The painting is an emblem of the quintessential style of Wu Guanzhong featuring the artist’s choice of juxtaposing abstractions and painterly delineations. Wu painted the same scene for three times: one sketch in watercolour and two paintings in oil. Montmartre of Paris (V) being the more detailed and finished one of the two oil paintings, displays abstractions in some areas when compared to the sketch. The tiles on the road are replaced by washes of varying shades of grey, and the curve of the road is noticeably more pronounced in the present example, which enhances the illusion of spatial depth. The delineations of the two houses in the foreground on both sides of the painting have been reduced to seemingly freehandedly rendered outlines and colours. Details of some architectures, such as rooftops and few doors facing the street, were also minimalised to only outlines and colours. Amidst semi-abstract forms of the houses in the lower left corner, Wu added a series of green fences that creates colour continuity from the fences to the vibrant café canopy, and to the colourful figures and doors depicted in the middle ground. All the arrangements of reductions and addition serve to set off the café and the basilica, which are rendered not only in detail, but also with a sense of monumentality. The sizes of the figures in the current painting are nearly half of the sizes than those in the sketch; the disproportionally large size of the café in contrast to the figures projects an elevated effect of monumentality of the central architectures.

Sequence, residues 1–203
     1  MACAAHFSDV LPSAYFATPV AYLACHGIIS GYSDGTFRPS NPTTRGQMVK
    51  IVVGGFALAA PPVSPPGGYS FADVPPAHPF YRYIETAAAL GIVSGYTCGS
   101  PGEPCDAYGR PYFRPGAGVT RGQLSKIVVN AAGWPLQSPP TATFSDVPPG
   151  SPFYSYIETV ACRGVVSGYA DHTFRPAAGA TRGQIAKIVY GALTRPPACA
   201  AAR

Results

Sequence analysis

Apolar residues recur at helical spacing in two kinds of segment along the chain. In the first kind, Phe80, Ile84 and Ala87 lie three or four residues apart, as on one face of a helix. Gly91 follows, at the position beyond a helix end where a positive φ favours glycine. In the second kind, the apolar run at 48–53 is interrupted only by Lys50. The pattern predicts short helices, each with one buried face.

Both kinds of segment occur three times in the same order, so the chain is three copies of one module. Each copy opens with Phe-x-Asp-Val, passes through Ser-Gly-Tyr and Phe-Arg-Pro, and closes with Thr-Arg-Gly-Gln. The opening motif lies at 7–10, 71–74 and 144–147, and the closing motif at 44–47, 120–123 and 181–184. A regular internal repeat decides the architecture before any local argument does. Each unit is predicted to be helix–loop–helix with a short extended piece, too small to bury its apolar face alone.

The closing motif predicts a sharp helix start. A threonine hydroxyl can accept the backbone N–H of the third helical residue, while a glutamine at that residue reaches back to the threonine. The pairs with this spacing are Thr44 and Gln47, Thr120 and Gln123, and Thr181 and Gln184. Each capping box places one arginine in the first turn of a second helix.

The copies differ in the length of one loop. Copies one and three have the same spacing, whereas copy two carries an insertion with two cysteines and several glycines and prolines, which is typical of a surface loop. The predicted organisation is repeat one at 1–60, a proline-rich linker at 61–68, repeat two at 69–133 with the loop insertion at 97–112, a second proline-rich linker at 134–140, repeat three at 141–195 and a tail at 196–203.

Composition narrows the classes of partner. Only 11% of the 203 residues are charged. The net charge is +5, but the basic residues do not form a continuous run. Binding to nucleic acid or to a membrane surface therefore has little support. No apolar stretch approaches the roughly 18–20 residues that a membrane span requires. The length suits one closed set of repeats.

The artist’s pioneering exploration of introducing multiple perspective technique that is indigenous to Chinese landscape painting to Western oil painting, has turned an otherwise ubiquitous streetscape into a masterpiece that displays his dexterous coordination of perspective. To further enhance the idea of monumentality, Wu blends in nuanced perspective to the visual representations. The multiple perspectives technique is the artistic invention of Northern Song painter Guo Xi, who created this method to set free the static view of the viewer from a single perspective. In the current painting, the house in the lower left corner is moved further to the left, making more space for the delineations in the centre of scene. The café looks wider and larger compared to that in the sketch, and minor adjustments on the layout of the domes and bell tower of the basilica complex to make them appear taller and closer to the viewer.